Meet the new big bad guy in town: The prescription drug industry. Let’s just call them “Big Pharma”. They are stepping into the shoes of the previous big bad guy: Big Tobacco. In fact, Big Pharma has used the Big Tobacco playbook to rake in billions of dollars in profits off the backs of addicted “customers” they hooked on their products through cunning advertising and lobbying schemes.
The product in question? Opioids. Opioids are the new Tobacco, only worse. Opioids include prescription painkillers like oxycodone, synthetics like fentanyl, and opium derivatives like heroin. Using Big Tobacco’s old tricks, plus some new ones of their own, opioid manufacturers have created a nationwide epidemic of opioid addiction.
But let’s go back a bit. Once upon a time doctors were reluctant to treat chronic pain with opioids. Opioid prescriptions were for last-stage cancer pain management and short-term pain control, for example, for patients suffering temporary post-operative pain. Prescribing such addictive medicine for chronic, long-term pain was just not done. The risk of creating addicts was simply unacceptable.
That was then and this is now. Between then and now Big Pharma convinced doctors to over-prescribe opioids. How did they do it? Big Pharma’s silver-tongued reps wooed the docs, relentlessly flooding their offices with ads and “scientific” reports asserting that long term use of opioids was easily monitored and safe. The smooth talkers underplayed the addiction risks. They often targeted primary care physicians, who had only minimal knowledge of the addictive powers of these drugs. The reps sold an easy solution to chronic pain: “Have a patient with chronic arthritis? No problem. Give her OxyContin.” The gullible docs bought in. Patient happy, doctor happy, all was good.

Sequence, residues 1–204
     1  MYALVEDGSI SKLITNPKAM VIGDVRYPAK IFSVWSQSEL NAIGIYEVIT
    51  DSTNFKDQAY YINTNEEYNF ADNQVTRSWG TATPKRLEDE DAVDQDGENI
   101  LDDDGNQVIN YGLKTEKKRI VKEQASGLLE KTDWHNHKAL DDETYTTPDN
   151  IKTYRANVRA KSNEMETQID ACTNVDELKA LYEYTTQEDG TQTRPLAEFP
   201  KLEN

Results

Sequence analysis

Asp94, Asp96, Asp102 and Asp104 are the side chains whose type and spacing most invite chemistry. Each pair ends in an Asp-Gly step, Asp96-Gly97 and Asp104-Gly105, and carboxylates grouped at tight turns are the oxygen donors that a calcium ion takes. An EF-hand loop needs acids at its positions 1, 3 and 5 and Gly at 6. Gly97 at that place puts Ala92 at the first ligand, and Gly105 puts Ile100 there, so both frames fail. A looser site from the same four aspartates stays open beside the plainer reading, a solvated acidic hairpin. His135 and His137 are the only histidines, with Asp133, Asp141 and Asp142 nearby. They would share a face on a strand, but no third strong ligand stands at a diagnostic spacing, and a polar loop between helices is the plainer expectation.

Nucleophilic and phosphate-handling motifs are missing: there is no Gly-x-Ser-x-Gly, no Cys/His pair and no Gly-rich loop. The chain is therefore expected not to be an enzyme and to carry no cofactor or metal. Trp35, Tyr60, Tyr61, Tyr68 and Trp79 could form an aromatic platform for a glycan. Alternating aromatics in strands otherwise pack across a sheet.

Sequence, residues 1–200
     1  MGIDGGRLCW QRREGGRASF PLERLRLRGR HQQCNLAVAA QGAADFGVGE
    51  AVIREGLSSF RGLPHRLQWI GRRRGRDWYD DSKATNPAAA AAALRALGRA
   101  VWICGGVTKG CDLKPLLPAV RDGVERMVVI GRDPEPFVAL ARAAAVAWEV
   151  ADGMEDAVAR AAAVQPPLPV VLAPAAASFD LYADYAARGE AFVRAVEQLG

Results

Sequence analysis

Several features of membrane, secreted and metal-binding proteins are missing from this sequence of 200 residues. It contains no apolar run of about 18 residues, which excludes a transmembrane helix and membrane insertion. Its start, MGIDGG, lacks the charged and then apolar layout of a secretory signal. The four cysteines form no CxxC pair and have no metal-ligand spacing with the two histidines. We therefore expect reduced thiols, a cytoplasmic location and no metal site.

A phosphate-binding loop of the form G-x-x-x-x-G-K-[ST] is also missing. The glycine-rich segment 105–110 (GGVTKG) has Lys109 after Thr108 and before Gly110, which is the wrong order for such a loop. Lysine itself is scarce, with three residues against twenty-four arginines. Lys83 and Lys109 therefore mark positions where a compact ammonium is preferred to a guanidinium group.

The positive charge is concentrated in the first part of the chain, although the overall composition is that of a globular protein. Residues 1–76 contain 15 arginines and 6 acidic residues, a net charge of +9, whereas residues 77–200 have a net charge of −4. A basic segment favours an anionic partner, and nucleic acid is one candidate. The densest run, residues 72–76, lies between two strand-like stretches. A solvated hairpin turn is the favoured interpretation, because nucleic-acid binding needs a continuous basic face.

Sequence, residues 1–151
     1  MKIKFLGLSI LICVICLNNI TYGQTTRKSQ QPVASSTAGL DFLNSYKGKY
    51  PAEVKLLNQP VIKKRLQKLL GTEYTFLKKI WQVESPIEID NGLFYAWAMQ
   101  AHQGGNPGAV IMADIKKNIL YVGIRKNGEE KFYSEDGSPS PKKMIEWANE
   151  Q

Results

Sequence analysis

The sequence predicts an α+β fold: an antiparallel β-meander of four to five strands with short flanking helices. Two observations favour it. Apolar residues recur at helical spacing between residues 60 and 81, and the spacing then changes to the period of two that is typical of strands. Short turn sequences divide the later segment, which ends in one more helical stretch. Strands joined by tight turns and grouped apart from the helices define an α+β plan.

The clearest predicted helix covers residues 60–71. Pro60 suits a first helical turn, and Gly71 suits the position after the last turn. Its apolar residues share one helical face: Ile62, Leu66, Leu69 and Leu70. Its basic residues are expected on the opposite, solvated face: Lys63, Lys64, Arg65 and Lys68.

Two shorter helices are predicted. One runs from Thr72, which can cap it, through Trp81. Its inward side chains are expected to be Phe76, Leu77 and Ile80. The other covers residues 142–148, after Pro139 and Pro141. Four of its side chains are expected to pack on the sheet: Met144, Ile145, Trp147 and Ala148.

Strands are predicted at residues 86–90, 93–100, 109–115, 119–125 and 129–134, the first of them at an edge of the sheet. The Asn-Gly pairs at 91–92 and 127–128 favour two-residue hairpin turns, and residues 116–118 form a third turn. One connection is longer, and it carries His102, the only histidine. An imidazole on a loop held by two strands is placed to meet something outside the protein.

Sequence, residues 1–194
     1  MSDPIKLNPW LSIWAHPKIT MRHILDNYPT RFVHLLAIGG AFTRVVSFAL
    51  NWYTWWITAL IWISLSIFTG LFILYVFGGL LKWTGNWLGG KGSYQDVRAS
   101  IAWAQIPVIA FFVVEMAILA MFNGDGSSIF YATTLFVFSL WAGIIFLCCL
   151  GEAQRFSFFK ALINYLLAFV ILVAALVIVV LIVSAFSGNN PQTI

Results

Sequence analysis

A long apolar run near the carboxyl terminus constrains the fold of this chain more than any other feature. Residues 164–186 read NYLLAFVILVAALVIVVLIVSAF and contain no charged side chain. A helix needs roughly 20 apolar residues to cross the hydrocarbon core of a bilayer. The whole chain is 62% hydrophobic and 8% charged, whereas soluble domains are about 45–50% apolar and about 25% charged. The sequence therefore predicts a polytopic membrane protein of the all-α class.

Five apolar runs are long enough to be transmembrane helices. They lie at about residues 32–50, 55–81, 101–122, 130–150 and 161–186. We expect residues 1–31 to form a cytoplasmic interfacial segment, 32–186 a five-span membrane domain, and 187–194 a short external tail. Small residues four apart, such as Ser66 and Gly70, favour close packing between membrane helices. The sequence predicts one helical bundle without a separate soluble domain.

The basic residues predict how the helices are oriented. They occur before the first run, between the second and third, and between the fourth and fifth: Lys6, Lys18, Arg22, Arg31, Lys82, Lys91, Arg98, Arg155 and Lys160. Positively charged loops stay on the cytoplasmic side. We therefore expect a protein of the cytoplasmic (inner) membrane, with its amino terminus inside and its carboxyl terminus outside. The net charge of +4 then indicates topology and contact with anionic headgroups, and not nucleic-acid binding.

Except it wasn’t. When the chronic-pain patients became chronic addicts, and they could no longer get their doctors to satisfy their ever increasing addictive needs, they turned to the black market for “Oxy” (street name for Oxycodone). But the price of Oxy on the street soared as docs got wise to the addiction epidemic and started limiting prescriptions. The solution for many addicts then became a cheap alternative: heroin, another opioid.
Big Pharma, like Big Tobacco, knew exactly what they were doing. They deliberately created addicts to their dangerous products to line their pockets with record profits. But as the profits piled up, so did the bodies. To the tune of 100 opioid deaths per day in the USA.
So meet the new boss (Pharma), same as the old boss (Tobacco). It’s a story of greed, profits and cover-ups on one side of the equation, and sickness, suffering and death on the other.
Ok, now we understand what Big Pharm did wrong. All this explains why addicts and the families of addicts killed by overdoses might want to sue Big Pharma. But why are counties suing Big Pharma?
Glad you asked. They are suing for the same reason they sued Big Tobacco in the 90’s: Public health crises like those created by tobacco or opioid addiction burden the counties and county tax payers with huge treatment costs. The cost of treating cancer and emphysema, the by-products of tobacco addiction, bled county Medicaid coffers dry. In the case of opioid addictions, counties are stuck with the increased costs of County health services, drug court proceedings, naloxone training, addiction rehabilitation programs, methadone treatment, police overtime, and jails overflowing with addicts. In sum, counties and municipalities are spending millions of dollars trying to mop up the public mess that Big Pharma’s greed left in its ugly wake.
So far in New York, Sullivan, Seneca, Broome, Dutchess, Erie and Orange counties have commenced lawsuits against Big Pharma. Counties all over the country are following suit. I’m all for it. This is what good ol’ civil justice is all about: Making wrongdoers compensate victims for the harm they have caused. New York counties and their taxpayers have all been harmed by Big Pharma greed. The day of reckoning is nigh.
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Syracuse NY Personal Injury Lawyers
Michaels & Smolak, P.C.